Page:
Columns

Out and About: Shed the mask of masculinity

By Nicko Bernier
Columnist

As our recital approaches, my dance teacher scrambles to finish choreographing my class’s ballet number. I’m the only boy, which means I am featured in many of the dances. Paulette, my instructor, wants me to choreograph my part on my own. “Give me Sinatra. Give me West Side Story,” she says, her light blue eyes narrowing in excitement at the prospect of having another number with a boy in it. Paulette says she wants swagger. She wants masculinity.

I have been watching clips of Guys and Dolls and West Side Story to try to identify the look she’s going for: puffing out the chest, exaggerating shoulder movements, scuffing the heels with each step forward. Of course, her definition of masculinity—the strut of the jazzy gangster—is one of many stereotypes encompassed by this term. 

Paulette is one of the smartest people I’ve met. She knows what works for her audience—so why am I overthinking her instructions, grappling with the fact that these simplified dance moves embody masculinity? 

The Mask You Live In, a film by The Representation Project that The Feminist Coalition of Boston aired on May 1 at the Fayerweather Street School, articulated several faults in our collective definition of masculinity that resonated with me: first, that being gay seems to detract and confine masculinity; second, that we as men have to lessen our emotional capacity and ability to express ourselves in order to be more “masculine”; third, that we as humans have instilled the rejection of femininity in the definition of masculinity. 

As a gay male, I struggle with the intersection of masculinity and sexuality. I picture picking the two apart like a dissection of the human brain. Delicate pathways encompass everything; disrupting them disturbs the whole balance of the organ. I have this pathway—this rut—that I’m stuck in. We call this muscle memory in dance class. The paths in the human brain only get stronger over time.  

The reality is, you, readers, might feel inclined to compartmentalize and oversimplify my masculinity and sexuality so that I become this blob of effeminateness. You might lose sight of everything else there is about me because these things bleed together and make you blind to the rest of me. I’m a multi-faceted, sophisticated person. Yes, I love Beyoncé and dancing and blogging; I also love rap and hiking and being outside. Look at me as an amalgam, and you get so much more out of me.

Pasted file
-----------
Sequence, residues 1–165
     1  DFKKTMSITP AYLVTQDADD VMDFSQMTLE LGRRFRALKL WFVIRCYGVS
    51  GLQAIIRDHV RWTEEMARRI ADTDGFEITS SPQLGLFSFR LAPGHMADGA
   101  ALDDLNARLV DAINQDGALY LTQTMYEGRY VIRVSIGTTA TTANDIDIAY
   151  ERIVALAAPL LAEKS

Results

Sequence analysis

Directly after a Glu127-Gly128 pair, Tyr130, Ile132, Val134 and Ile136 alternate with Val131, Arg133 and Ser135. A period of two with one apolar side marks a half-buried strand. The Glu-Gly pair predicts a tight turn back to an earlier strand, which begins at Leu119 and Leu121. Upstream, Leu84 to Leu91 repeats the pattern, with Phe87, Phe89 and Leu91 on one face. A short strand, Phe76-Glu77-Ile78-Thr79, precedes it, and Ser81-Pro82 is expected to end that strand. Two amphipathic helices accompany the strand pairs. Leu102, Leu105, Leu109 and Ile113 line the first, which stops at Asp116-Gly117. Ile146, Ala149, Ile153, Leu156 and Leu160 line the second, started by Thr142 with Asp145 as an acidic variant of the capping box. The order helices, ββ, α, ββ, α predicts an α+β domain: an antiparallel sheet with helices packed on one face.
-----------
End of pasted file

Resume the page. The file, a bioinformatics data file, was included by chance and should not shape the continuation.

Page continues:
The Mask You Live In followed an educator and youth activist, and one of the questions he posed to a group of students distilled the complicated questions I have regarding masculinity: what is brotherhood if we can’t share with each other our feelings?

Simple, yes, but so elegantly put. It’s considered macho and masculine to stash away emotions, to blanket how we feel and embody this amplified version of masculinity. I have friends who say constantly that “they’re not ‘romantics,’” who bottle their feelings up because that’s what’s socially acceptable. Think about this: we consider it cooler, more refined, and more cultured to confine our emotional capacity instead of heighten it.

For me, defining my masculinity is like defining myself as a dancer. I dance five different types of dance each week: ballet, jazz, lyrical, modern, and hip hop. On stage, I can lift my weight into my chest and chaîné turn on pointe, or I can let my weight fall into my thighs and propel my limbs in fast, less graceful movements to produce the proper hip-hop arrogance. Overall, though, I am a dancer, and that is the only thing that is final. My skills will only become more diverse over time. My masculinity does not confine me to any subset, and it—like my sexuality—doesn’t define everything that I am.  

Soon, I will be onstage at Regis College for my recital once more. I’ll have a jazzy fedora on, and the girls behind me will snap along to my entrance, rotating their wrists on each downbeat. Paulette has given me creative license. In my thirty seconds, I will make the choreography my own. For me, though, it’s never just dancing on stage. My mind percolates with memories of love, sadness, ecstasy, the way a White-Mountain canopy shaded me on that hike. And as I fly through the air, you will travel into all aspects of my life. You will see more than a dancer, more than a gay boy.

You will see one me: a dense, untouchable brain that leaves you speechless with its captivation.

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